Elevation Drunk in Revelstoke

By Jane Marshall, Freelance

By the end of my weekend at Revelstoke Mountain Resort, I was officially elevation-drunk.

Perhaps it was the massive vertical achieved through six helicopter drops in the 500,000 acres that comprise Selkirk Tangiers Heli Skiing backcountry terrain; or maybe it was from skiing on North America's longest resort runs.

Either way, my brain struggled to comprehend the gargantuan scale of the mountains.

Day 1: Heli-skiing with Selkirk Tangiers

I extended my avalanche transceiver and worked with my group to find the hidden beacon. We located our target, marked it and began to probe the snow.

Avalanche training is an important aspect to heli-skiing, and our guide Pierre Gagnon worked with our group of 11 to ensure we had a basic knowledge of how to find someone trapped beneath the snow.

Though the guides minimize the risk and exposure to skiers and snow-boarders who enter the backcountry by helicopter, it is still important to understand the wildness and unpredictability of snow.

Once the safety briefing was done, it was time to go.

We prepared to board the helicopter. Pierre loaded the skis and we climbed into the noisy beast. It felt like an episode from MASH -- adrenalin coursed through my veins and kick-started my heart to the point where it echoed in my ears. The slicing blades cut apart the air to the appropriate speed when the helicopter had enough purchase to lift straight up in a movement that seemed to defy logic.

I am a lifelong skier, but I'm five-foot-two and 110 pounds with gear. I must admit that the intimidation factor of heli-skiing was high.

Would I be able to keep up in the deep powder? Would I be strong enough to complete the long runs? I was about to find out -- there was no turning back.

The helicopter landed and we de-boarded. Huddled tightly together on a wide ridge, the roar of the blades gave off an almost explosive sound as the chopper took off, blasting snow and cold air until it quickly disappeared. I lifted my head. Nothing but mountains.

Pierre led us into a powder field, and I began to make large turns in knee-deep snow. I just let my extra-fat skis figure out how to move in the untouched crystalline white, and it worked -- quite naturally.

I had rarely felt the thrill of first tracks, of moving through untouched nature, my body bouncing and recoiling to the flow of the mountain.

By the sixth and final drop, I still felt strong, though my legs were definitely engaged. The terrain was so much more usable and friendly than I had imagined when watching extreme ski movies.

Pierre gave us rests while he assessed snow conditions, and I was surprised at the gentleness of the adventure.

And a bit relieved, too. Heli-skiing is for a much broader range of skiers than I had imagined.

Day 2: Revelstoke Mountain Resort

"I thought this was the bottom," a snowboarder gasped, obviously exhausted as he rested near the bottom of the mountain. "But ... it's not."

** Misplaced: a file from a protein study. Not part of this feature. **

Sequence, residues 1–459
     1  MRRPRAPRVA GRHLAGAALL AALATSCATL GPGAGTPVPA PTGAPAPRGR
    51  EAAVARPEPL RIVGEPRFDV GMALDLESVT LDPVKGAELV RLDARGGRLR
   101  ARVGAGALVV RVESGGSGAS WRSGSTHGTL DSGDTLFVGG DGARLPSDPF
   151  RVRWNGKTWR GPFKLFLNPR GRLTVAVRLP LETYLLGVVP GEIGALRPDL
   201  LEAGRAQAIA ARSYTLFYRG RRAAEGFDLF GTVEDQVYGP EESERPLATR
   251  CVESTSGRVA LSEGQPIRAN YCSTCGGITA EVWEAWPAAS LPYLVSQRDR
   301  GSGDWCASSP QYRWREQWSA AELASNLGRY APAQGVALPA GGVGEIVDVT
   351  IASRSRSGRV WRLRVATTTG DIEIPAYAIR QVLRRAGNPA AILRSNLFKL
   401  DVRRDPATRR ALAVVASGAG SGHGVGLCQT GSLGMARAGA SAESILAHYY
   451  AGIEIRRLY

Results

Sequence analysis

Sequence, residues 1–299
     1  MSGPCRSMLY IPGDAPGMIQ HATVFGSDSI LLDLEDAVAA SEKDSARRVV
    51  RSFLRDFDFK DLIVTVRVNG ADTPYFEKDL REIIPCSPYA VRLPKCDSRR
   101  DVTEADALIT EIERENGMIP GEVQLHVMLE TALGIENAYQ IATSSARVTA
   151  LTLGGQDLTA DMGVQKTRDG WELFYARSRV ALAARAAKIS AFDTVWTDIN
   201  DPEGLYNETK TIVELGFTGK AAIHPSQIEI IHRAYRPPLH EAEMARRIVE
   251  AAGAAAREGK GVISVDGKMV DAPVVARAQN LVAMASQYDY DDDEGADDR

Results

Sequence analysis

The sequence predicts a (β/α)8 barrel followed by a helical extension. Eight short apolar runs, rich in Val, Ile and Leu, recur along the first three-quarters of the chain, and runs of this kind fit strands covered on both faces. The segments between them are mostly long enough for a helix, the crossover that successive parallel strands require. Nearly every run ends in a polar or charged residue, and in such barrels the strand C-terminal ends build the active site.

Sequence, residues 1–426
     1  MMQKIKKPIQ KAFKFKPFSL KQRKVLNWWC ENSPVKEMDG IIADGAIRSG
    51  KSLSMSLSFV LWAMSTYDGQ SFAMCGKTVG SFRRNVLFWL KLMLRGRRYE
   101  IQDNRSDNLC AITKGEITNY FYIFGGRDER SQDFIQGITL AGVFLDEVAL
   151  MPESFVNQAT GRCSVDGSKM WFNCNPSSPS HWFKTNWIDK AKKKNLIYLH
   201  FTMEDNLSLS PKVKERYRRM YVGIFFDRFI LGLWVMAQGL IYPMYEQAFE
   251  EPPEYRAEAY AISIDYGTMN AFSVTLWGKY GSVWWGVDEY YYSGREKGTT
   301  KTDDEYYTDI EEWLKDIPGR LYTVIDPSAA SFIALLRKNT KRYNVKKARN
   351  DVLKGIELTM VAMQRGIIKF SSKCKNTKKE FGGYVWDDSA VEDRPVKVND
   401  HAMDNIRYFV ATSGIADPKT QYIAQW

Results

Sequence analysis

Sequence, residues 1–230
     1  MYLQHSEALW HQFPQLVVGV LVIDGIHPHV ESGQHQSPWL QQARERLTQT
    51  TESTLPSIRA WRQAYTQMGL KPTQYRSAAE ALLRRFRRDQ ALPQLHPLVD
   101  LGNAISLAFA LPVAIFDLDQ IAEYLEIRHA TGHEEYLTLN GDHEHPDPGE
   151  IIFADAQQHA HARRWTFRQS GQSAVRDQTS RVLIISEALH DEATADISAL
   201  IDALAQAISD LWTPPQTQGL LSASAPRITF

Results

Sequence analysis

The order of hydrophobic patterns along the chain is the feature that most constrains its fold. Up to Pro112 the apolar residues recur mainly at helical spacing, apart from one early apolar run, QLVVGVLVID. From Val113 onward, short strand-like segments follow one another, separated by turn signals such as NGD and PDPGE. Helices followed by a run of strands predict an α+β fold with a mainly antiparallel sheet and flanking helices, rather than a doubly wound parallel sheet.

The bottom is almost always a long way off -- Revelstoke boasts a vertical descent of 5,620 feet.

This unexpected expanse of patrolled terrain surprises many people, including myself. I've skied at many resorts, and Revelstoke is, well, huge. And it's still in its infancy in its third season.

The Revelation Gondola and two high-speed quad chairs -- the Ripper and the Stoke -- are only the beginning. The goal for this mountain is to have 20 lifts, including some beginner offerings to make the area more family friendly.

The growing resort is being actively constructed and there is an announcement expected for a new lift that will likely add more beginner terrain. Two more condominiums are under construction next to the completed Nelsen Lodge.

I had the opportunity to have a run with Rod Kessler, vice-president and chief operating officer of the resort. He has run many major ski resorts in North America, so I asked him why he was drawn to Revelstoke, which is a bit out of the way and is still a small town with only about 8,000 residents.

"Clean slate," was his reply. "It's not often that you get the opportunity to start from scratch and to take what you've learned, what works and what doesn't, and apply it to a new resort."

Revelstoke is just getting started, yet it's already drawing the world's attention because of what counts most: the terrain. The best thing about Revelstoke Mountain Resort is the options it provides for all skiers, whether it's heli-skiing, cat skiing, skiing at the resort or even dogsled-ding. These activities can be booked at the Revelstoke Outdoors Centre at the base of the main gondola. Extreme skiing made easy.

- - Sleeping: Try staying at Nelsen Lodge, the condominium/hotel at the base of the gondola. Fridges, laundry and stoves make it easy to be self-sufficient, and lift access is moments away. Visit sandman.ca,e-mail This email address is being protected from spambots. You need JavaScript enabled to view it. call 1-800-726-3626.

- - Flying: The Kelowna International Airport is a two-hour drive, depending on weather. Alternately, the larger Vancouver and Calgary airports aren't too far off.

- - Driving: It takes about eight hours to drive from Edmonton. Take Hwy. 2 south to Calgary and head for the TransCanada Highway. Pass through Banff, Golden and then arrive at Revelstoke.

SOURCE: The Edmonton Journal

Leave a comment

You are commenting as guest.